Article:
Wycliffe Women’s Breakfast

This morning,  Wycliffe College is having a women’s breakfast to raise funds for bursaries for female students. I have been invited to share briefly about why I’m at Wycliffe. What follows is the manuscript of my talk. (update: the audio file is now available.)


When I started seminary in Saskatchewan my daughter Beth was 6 months old. During the four years of seminary work, she was joined by Nora, and Malcolm. It was, to say the least, an extremely busy time.

And yet, through my time at seminary, several wise mentors suggested that I had a gifting for teaching and theology. My husband saw this vocation as well, and after much prayer and reflection, we decided that my educational journey wasn’t done quite yet.

As we considered PhD programs, I was looking for a school that understood that theology is done in and for the church and because of that, it is, at its very core, a discipline of prayer. Wycliffe embodies this both in its deep desire to serve the church, and in its commitment to creating a space for prayerful theological reflection in the classroom and in the weekly practice of community Eucharist.

I was looking for a school that understood that academic rigour and the Christian faith are not inimical. The quality of scholarship offered by the professors at Wycliffe is probably the best of all theological institutions in Canada.

My husband and I were also trying to figure out how we could be good stewards of God’s resources. PhD studies are expensive, and we knew that we would need my husband’s pay cheque to cover the costs of raising 3 kids and paying for PhD tuition. And, my husband loves his job, and has his own callings and giftings. If we all moved to Toronto, not only would the cost of living be significantly higher, but it was highly unlikely that he would be working in his field.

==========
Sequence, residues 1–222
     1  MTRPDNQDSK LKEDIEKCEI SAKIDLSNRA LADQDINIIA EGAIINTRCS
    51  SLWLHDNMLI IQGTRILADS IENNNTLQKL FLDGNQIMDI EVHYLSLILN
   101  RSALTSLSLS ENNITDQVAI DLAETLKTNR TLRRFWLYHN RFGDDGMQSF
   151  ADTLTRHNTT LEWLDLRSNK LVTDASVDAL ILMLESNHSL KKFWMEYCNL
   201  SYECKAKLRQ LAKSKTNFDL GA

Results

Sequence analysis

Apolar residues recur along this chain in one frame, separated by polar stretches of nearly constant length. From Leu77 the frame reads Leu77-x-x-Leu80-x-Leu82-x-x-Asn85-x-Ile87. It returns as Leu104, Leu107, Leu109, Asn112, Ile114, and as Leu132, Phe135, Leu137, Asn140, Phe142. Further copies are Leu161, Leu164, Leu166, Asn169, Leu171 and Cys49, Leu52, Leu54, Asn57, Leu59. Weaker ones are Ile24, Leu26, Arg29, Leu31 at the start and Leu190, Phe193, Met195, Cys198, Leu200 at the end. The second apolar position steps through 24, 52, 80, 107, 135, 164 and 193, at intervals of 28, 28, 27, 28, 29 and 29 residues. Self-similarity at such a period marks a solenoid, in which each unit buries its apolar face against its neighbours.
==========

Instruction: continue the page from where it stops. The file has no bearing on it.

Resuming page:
And so, with prayer, and faith, and my husband working two jobs to support us, it was decided that the best way to steward all of God’s gifts was for us to become a bi-provincial family. My husband and the kids (who are now 6, 4 and 2) would stay in Saskatchewan, and I would live on the 3rd floor of Wycliffe during the school year. I skype in for dinnertime every day, and Chuck puts my skype face where I would normally sit at the dining room table. Yesterday, when I skyped in, Nora, who is now 4, was sitting at the dining room table, frantically writing. I said to her, “Nora, what are you doing?” “Shhhh. Momma I’m busy doing my homework. I have a class to teach in 5 minutes and I have a paper to write.”

The women at Wycliffe all have their own challenges (some even more complicated than mine) and yet they all have a deep sense of God’s calling in their lives to study the Word of God.

There’s a collect or prayer in one of the Anglican prayerbooks that is assigned for this Sunday (November 8th) that I think perfectly encapsulates the heart’s cry of the women at Wycliffe as we are here at seminary. Will you pray this for these gifted and called women?

Eternal God, who caused all holy scriptures to be written for our learning,